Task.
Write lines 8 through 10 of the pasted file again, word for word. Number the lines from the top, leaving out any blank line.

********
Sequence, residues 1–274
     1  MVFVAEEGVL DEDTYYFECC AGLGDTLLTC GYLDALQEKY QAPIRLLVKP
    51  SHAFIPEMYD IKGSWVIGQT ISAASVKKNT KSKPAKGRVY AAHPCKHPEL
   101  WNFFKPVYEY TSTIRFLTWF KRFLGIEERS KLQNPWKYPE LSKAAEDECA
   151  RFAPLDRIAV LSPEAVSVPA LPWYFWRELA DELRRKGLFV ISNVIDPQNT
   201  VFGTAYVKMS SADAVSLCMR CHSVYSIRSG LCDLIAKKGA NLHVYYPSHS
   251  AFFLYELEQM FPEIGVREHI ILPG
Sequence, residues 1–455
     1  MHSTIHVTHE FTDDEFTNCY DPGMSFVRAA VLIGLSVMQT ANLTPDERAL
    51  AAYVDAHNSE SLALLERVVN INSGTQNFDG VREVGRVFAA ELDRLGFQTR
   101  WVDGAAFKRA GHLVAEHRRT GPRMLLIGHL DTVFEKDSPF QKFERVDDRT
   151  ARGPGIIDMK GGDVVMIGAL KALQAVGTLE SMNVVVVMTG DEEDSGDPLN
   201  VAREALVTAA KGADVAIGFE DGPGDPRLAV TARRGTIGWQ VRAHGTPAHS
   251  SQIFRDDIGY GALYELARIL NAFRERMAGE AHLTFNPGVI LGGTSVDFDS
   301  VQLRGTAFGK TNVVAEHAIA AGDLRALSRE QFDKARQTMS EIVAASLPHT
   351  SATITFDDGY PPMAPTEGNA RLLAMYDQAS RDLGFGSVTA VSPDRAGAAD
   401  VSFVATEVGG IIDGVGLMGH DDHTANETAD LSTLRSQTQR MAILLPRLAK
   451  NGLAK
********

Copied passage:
Sequence, residues 1–455
     1  MHSTIHVTHE FTDDEFTNCY DPGMSFVRAA VLIGLSVMQT ANLTPDERAL
    51  AAYVDAHNSE SLALLERVVN INSGTQNFDG VREVGRVFAA ELDRLGFQTR